For small search fragments, these longrange variations in local mean density will add noise to the translation function; for large search fragments (Scale also becomes a problem when regions of the molecule exhibit different thermal motion: a copy of a fragment may be missed because its thermal motion is higher and the density peaks correspondingly lower. Again, this is a problem when searching for an NCS copy with higher thermal motion using density from a copy with lower thermal motion.
Cowtan (1998b) suggested matching the mean, and optionally the variance, of the search model and the map by use of a more complex search function (which becomes a if both mean and variance are matched). This approach requires two additional FFTs and is less amenable to optimization than the simple meansquared difference function.
An alternative approach is to prefilter the map, and if necessary also the search model, to ensure that the local mean density calculated over a spherical region about each density point is constant. This achieves a similar result to the more complex search function; however, the filtering stage is performed once at the beginning of the calculation instead of requiring extra computation for every search orientation. This is equivalent to the mean adjusted residual of Cowtan (1998b), with the exception that the local mean is calculated over a spherical volume instead of the mask volume. Since the spherical volume is invariant under rotation, the filtering is factorized out of the orientation search.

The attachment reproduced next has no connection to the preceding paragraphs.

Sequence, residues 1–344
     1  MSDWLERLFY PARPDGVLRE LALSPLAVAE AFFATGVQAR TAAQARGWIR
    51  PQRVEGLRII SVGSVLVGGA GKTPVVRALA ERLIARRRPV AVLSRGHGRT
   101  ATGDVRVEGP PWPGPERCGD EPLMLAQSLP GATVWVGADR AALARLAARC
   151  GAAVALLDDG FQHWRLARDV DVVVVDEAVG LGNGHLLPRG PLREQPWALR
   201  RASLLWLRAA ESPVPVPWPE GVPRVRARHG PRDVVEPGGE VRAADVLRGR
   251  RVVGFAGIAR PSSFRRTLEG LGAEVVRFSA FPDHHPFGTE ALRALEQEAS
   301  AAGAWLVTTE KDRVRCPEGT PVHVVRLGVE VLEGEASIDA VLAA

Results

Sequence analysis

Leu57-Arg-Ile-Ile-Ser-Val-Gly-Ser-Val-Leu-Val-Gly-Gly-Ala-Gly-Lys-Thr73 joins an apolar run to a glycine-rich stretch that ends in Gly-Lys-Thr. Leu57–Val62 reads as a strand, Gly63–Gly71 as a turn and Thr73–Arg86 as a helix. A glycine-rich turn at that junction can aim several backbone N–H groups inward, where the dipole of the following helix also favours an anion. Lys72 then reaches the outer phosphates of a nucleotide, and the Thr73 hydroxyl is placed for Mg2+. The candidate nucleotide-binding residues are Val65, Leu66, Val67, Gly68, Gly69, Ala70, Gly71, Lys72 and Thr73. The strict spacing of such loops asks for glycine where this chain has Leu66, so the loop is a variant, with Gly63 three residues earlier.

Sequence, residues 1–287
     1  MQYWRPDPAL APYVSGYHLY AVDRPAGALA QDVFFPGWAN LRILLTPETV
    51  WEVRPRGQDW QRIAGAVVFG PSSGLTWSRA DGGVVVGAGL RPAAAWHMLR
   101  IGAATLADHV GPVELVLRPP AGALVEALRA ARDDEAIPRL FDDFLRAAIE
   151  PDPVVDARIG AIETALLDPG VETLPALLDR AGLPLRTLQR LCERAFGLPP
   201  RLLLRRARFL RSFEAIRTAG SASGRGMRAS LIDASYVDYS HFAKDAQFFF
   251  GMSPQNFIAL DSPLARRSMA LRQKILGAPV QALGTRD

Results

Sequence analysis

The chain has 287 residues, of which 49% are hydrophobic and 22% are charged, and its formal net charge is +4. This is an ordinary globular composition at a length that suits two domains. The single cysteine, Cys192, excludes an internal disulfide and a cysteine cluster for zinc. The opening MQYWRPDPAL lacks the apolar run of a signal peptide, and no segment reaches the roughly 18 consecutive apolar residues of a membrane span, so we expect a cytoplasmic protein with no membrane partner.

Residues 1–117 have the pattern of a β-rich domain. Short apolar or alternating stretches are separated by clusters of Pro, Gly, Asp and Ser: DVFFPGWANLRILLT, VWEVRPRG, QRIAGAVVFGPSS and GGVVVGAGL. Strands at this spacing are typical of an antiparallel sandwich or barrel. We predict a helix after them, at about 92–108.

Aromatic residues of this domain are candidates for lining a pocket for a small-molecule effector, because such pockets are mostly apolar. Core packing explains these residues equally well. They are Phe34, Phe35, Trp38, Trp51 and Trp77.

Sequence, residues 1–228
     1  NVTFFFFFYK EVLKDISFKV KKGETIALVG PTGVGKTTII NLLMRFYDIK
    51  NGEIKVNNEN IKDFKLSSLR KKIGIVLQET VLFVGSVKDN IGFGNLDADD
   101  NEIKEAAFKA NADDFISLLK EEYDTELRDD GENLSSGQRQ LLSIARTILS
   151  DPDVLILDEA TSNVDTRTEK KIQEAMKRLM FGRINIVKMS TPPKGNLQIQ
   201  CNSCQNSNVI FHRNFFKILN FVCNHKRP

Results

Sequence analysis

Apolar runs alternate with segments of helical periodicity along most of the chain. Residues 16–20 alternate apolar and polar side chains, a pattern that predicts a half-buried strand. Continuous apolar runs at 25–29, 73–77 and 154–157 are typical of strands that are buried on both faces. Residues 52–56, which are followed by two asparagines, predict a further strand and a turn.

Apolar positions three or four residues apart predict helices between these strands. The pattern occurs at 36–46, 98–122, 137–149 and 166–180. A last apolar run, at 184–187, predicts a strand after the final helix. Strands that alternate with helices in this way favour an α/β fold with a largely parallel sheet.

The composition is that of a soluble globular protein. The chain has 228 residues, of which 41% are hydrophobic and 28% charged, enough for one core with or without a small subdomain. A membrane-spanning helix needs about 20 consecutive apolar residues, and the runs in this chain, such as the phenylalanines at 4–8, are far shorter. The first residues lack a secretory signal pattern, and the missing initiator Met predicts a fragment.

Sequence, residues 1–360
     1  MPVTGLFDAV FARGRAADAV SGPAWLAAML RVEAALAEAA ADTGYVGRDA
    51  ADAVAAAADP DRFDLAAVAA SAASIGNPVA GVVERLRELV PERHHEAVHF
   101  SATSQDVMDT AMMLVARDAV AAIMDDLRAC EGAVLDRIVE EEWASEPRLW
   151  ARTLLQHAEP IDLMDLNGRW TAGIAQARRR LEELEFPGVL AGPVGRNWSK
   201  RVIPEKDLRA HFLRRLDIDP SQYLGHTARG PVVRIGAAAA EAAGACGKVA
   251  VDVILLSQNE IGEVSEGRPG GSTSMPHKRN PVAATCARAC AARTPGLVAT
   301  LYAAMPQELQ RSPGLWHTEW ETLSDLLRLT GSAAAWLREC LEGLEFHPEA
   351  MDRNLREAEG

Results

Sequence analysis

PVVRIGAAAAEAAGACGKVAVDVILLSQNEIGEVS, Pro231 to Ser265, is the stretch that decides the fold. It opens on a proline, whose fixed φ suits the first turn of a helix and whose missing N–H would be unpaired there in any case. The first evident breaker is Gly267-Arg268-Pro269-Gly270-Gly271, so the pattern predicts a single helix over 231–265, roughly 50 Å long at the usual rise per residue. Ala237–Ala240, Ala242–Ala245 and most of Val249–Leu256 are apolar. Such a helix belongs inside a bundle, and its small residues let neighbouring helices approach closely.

If the filter sphere is chosen to be smaller than the resolution of any missing lowresolution data, then this approach additionally solves the problem of missing lowresolution terms, since their effect is largely removed from the map and the model. In practice, filtering the map and model densities with a sphere of radius 4–6 Å has proven to be vital when the volume of the search model is large, i.e. NCS and molecularreplacement calculations. Larger radii are required for lower resolution calculations.
1.5. Statistical search function
A better indication of the presence of a particular fragment at a particular position in the
may be obtained by use of a densitybased statistical search function. This function may be constructed by calculating the probability that a particular electrondensity map could arise from a given structural model and then applying Bayes' theorem to determine the probability of the model given the electron density.The probability of a region of electron density taking on a particular conformation may be determined by sampling the electron density and taking the probability of obtaining a particular electron density at each sample point. This assumes that the electron density at each sample point is independent. This assumption is identical to that used by Terwilliger (1999) in the construction of a statistical solventflattening procedure and may be made under similar conditions, in particular that the resulting loglikelihood be rescaled so that the density of sample points in real space is equivalent to the density of independent reflections in This assumption has been discussed further by Cowtan (2000).
In calculating the probability of an electrondensity value at a particular position in the map on the basis of a fragment located at a particular translation, it is necessary to take into account the two following major sources of error.
The search function is constructed using Bayes' theorem, which may be written as